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Lecture 2

MGTA02H3 Lecture Notes - Lecture 2: Philip Kotler, Voice Of The Customer, Business Cycle

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Arif Toor

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Week #2
Chapter 2: Marketing: Satisfying Customer Needs and Wants
Goals are qualitative: Become the leading brand in industry, show grandma that we love her
Objectives are quantitative: Sell x number of hamburgers, open x branches in the next five years
Business - cycle that exists based on 2 variables, satisfied customers & business profits, that become dependent
on each other to function.
A business must satisfy customer needs in order to make a profit, because without customers to buy &
provide the input of revenue a business can’t make up for expenses, therefore cannot make profit.
A business must make a profit in order to satisfy customer needs, because without profit motivated
entrepreneurs here will be no motivation to build a business & provide products/services, therefore not
satisfy the customers’ needs.
No Customers = No Profit
“The butcher, the brewer & the baker did not pursue their trades out of benevolence or love for humanity” - Adam
Smith, describing the idea that businessmen work to generate money & not for the purpose of providing the
needs of society.
Marketing - business function concerned with planning & organizing the creation of a product, determining a price
that people will pay, making the product known & making it available to customers.
“A social process by adopting which individuals and groups acquire what they need and want through
exchange of value” – Philip Kotler
“A management system to identify, anticipate, and satisfy customer needs” – Chartered Institute of
Product focus - orientation toward producing improved goods & services for which an organization has proven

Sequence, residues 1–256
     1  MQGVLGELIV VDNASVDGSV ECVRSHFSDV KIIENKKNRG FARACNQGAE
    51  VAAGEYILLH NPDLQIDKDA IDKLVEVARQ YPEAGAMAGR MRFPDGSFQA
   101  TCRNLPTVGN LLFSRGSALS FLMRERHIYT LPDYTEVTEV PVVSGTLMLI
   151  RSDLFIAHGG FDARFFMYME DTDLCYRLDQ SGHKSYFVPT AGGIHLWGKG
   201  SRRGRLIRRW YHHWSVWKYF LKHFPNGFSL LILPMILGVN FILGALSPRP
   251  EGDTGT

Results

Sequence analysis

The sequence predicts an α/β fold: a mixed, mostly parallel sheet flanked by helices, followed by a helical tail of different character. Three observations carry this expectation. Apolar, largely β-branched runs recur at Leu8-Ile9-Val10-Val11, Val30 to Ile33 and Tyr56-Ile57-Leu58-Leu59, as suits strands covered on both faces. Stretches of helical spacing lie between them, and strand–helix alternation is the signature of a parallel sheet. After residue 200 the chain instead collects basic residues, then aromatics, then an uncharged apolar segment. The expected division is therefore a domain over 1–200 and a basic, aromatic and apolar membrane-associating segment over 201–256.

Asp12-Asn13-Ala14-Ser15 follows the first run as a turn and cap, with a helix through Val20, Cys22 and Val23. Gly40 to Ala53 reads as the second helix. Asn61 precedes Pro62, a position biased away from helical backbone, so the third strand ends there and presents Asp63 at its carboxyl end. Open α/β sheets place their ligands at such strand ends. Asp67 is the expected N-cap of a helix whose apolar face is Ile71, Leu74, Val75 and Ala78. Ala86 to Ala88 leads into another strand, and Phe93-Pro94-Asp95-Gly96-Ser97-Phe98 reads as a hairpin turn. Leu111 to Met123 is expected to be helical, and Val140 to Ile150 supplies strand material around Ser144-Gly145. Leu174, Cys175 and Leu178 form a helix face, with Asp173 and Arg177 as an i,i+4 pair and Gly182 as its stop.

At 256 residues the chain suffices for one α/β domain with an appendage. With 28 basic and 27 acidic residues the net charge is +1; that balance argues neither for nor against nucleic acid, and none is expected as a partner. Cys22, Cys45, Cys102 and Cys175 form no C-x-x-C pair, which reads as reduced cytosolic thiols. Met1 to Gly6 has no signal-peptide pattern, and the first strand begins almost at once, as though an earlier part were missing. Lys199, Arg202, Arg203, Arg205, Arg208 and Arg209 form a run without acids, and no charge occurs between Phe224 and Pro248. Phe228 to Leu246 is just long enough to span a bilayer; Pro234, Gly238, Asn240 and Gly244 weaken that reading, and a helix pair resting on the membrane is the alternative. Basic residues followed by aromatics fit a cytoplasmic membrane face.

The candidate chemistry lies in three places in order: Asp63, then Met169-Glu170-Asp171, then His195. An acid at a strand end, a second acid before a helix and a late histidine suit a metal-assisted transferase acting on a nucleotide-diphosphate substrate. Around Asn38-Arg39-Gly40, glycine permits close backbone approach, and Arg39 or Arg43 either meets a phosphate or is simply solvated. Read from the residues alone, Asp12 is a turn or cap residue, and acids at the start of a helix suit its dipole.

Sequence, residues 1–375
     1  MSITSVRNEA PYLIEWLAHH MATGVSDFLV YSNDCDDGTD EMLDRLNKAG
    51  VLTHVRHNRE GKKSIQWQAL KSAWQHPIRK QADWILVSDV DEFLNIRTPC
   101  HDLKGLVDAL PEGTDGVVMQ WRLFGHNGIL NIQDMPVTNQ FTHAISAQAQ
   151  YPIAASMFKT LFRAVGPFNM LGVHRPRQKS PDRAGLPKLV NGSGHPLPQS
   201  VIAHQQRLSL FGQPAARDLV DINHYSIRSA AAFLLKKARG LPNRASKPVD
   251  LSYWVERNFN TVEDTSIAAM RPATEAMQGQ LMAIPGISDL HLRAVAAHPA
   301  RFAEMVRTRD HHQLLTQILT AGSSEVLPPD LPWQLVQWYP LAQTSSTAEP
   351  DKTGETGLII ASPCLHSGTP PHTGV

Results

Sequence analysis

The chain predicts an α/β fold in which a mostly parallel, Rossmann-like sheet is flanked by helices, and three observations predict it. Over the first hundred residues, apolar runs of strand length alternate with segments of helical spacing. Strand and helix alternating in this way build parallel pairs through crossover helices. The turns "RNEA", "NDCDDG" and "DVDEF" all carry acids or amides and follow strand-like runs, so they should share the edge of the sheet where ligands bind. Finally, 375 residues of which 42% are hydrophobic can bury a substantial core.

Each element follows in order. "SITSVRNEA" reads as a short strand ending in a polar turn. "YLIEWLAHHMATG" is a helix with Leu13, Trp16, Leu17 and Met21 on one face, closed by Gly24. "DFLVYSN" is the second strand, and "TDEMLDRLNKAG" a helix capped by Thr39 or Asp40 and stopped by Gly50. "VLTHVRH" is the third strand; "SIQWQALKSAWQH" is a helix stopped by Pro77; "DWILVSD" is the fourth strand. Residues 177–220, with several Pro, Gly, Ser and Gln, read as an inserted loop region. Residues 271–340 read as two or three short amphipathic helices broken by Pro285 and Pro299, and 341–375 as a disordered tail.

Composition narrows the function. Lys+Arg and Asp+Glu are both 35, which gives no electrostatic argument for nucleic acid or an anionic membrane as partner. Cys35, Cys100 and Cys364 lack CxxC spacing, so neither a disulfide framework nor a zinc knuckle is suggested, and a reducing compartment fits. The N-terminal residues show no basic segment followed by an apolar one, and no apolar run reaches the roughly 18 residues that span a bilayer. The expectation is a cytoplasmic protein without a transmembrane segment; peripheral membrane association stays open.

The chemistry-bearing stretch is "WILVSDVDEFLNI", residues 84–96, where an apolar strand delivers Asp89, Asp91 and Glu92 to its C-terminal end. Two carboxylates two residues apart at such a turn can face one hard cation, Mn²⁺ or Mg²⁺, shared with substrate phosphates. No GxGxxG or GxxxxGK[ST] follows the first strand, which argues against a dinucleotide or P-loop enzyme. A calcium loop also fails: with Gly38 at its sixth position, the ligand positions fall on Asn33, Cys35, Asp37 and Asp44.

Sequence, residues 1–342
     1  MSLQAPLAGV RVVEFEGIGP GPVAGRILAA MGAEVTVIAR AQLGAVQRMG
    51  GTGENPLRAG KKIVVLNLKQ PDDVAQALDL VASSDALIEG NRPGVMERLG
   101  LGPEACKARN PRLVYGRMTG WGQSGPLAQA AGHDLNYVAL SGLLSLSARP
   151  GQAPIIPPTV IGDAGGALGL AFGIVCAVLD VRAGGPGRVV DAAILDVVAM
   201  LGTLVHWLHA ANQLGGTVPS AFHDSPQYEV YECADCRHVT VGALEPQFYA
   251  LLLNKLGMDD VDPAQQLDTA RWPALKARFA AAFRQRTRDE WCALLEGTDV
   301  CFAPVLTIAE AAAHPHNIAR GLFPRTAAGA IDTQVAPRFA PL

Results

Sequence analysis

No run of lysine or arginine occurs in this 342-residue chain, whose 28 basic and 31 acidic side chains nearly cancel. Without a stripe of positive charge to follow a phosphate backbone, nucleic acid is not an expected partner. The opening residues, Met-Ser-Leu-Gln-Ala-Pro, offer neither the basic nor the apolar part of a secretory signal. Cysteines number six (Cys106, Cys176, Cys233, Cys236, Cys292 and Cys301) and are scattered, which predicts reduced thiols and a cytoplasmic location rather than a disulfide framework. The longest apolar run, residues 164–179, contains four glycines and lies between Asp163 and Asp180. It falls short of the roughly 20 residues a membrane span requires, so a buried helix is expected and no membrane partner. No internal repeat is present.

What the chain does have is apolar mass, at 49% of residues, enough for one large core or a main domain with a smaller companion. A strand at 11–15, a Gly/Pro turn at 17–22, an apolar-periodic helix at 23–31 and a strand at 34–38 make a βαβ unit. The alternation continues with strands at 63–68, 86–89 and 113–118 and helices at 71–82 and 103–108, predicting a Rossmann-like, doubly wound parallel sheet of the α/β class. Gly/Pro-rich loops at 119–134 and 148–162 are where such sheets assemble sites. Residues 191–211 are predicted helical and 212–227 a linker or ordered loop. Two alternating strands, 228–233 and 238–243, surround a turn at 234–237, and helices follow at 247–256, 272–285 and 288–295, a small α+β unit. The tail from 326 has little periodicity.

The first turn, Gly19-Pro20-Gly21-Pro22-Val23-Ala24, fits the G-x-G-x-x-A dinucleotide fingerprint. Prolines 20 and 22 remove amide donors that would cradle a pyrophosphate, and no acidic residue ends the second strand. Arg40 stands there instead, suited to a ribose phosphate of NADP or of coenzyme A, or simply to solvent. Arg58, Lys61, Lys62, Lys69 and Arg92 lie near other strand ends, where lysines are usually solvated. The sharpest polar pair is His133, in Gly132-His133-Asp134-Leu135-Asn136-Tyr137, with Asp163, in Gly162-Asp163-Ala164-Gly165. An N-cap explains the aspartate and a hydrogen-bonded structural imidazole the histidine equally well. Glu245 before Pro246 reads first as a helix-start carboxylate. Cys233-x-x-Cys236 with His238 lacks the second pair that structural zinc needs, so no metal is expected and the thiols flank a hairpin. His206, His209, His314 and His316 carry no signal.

Business main focus is selling, improving existing goods/services.
Customer Focus - orientation toward determining the needs & wants of customers in the market & developing the
goods & services that meet those needs.
Business main focus is figuring out what the public want.
Marketing concept - business philosophy that stresses that the business’ resources should primarily be directed
toward serving customer needs.
When needs are met customers respond by providing revenue.
“The business’ resources should primarily be directed toward serving customers’ needs…” - Philip Kotler,
an influential marketing thinker/American professor who invented this term.
Evolution of Strategic Management of Businesses According to Philip Kotler
19th century - focused on production (making products)
First half of 20th century - focused on sales (persuading customers to buy products)
Middle of 20th century - focused on serving customer needs

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7 billion people on this earth
1. No business has unlimited time
2. No business has unlimited resources
3. No business can sell everything
4. No business can sell to everybody
Target market a group of similar people who have similar needs and wants and are most likely to buy a product.
Example: Mr. Big-and-Tall sells to men who are taller and heavier than average.
Market segmentation dividing total population into groups/categories of people who share common
characteristics, habits or behaviours which give them common needs.
1. Demographic segmentation identifying people based on some external characterises that they share (age,
gender, race, ethnicity social & economic characteristics: marital status, income, education, social class,
household size, religion, etc.)
Example: Most Quebecers share the same race as other Canadians, they look Caucasian. However,
Quebecers’ language, politics, culture is different; Baby boomers (1946-1964)
Examples: luxury hotels, international airlines, beer, chainsaws, breakfast cereals, etc.
2. Psychographic Segmentation - identifying people according to their internal traits, such as their attitudes,
beliefs (religious vs. atheist vs. agnostic), values (Liberal vs. Conservative, pro-life vs. pro-choice, for or
against gay marriage), & motivations (materialist vs. conservationist)
List of Traits:
o religious or unbelieving
o Extroverted or introverts
o sentimental or unemotional
o adventures or cautious
o proud or humble
o disciplined or uninhibited
o generous or uncharitable
Example: Apple slogan “Think different” targeted at consumers who consider themselves to be
innovative, adventuresome, and willing to try new things
Example: political parties, charities
3. Geographic segmentation - distinguishing people according to where they live. (region: Alberta vs Quebec;
rural vs urban; climate)
Example: Quebecers have different tastes, attitudes and behavior from residents of the rest of Canada
Example: British Columbia are close to the mountains therefore buy more ski equipment in
comparison to NewFoundland who are close to the ocean, & therefore buy more sail boats.
Example: Molson Canadian, Petro-Canada, etc.
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